Kate Bush Appears on Night Flight, 1981

Midnight in the forbidden living room, closing doors quietly behind me, unknowingly opening a path from which I will never veer, even later when I become older, succumb to any zeitgeist.

I turn on the TV and she somersaults across the screen, startling the rolling vertical hold into stillness, her siren voice makes me fumble in the dark for volume control, I put my hand against the screen, feel the static in my fingertips, a transference of energy in 1981 that delineates past and present, a woman who calls herself Cathy, wants to come in through the window.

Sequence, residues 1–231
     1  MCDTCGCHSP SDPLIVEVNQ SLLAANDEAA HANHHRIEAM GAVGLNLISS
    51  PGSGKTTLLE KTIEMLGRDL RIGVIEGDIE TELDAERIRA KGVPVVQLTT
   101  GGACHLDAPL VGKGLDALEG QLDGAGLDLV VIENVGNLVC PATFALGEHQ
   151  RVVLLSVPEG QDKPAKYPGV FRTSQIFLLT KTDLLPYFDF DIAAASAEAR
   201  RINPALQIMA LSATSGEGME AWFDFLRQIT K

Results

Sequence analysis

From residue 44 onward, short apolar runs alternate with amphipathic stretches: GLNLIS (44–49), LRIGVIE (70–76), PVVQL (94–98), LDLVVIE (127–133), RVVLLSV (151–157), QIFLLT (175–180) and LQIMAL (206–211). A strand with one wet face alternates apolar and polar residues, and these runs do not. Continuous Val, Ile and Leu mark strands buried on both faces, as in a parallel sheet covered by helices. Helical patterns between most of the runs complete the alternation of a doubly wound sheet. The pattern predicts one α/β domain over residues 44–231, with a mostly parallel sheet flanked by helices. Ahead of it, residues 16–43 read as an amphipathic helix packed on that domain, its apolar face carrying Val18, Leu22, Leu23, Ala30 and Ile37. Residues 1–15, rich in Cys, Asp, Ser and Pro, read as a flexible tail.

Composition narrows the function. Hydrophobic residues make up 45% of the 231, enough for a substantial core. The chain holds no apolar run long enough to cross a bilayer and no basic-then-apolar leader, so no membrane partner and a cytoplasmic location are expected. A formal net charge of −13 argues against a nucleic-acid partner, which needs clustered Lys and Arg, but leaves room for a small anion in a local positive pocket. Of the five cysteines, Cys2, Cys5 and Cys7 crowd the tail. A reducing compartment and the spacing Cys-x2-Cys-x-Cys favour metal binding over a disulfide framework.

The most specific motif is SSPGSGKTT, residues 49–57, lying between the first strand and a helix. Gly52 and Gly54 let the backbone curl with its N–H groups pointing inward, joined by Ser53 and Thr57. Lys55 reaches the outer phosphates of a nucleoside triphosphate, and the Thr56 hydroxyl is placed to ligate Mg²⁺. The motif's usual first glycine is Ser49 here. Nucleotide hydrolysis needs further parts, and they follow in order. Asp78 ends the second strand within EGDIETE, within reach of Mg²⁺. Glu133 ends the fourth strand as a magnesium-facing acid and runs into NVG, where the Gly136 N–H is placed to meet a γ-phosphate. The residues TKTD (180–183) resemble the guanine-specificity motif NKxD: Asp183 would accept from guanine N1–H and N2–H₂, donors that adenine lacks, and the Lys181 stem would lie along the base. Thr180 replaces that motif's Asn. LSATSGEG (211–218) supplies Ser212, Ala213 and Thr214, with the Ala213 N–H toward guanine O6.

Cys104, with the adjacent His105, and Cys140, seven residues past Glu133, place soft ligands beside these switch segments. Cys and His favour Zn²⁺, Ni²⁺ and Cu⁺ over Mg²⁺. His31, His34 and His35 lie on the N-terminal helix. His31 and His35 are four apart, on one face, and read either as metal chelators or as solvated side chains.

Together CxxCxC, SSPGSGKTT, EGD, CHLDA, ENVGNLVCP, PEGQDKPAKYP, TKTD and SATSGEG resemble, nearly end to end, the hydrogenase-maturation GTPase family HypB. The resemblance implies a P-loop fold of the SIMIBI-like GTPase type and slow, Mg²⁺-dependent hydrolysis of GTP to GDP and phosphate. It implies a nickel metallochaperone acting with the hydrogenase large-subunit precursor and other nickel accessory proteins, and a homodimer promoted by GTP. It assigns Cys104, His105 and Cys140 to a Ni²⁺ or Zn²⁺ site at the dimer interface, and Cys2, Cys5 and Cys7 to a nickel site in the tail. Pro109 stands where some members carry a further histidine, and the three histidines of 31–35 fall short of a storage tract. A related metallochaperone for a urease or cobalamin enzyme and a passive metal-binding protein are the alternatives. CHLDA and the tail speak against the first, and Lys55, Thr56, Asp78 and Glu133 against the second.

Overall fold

But she wasn’t coming through, I was going in, my link to her a series of hot boxes where she would appear without warning over decades like the Virgin, her songs a catechism, her name a prayer I chanted at the backs of retreating lovers, divorcing parents and death, and even in her absence, the music never faltered like I did, songs willing pills back into bottles.

That night I put on my armor, never had a ring put on my finger, blew kisses across the ocean, for inspiration and strength, for God to keep her even when he wasn’t keeping me, and now, when I am driving or dancing, walking in Los Angeles or London, the song remains the same, her name an utterance: Kate, Kate, Kate.

Kate Bush released her first single, Wuthering Heights, 40 years ago today. Without her music, I would not be a writer. She irrevocably changed my life, and I am forever grateful. This poem is forthcoming in my chapbook, Midnight in a Perfect World, from Sibling Rivalry Press.


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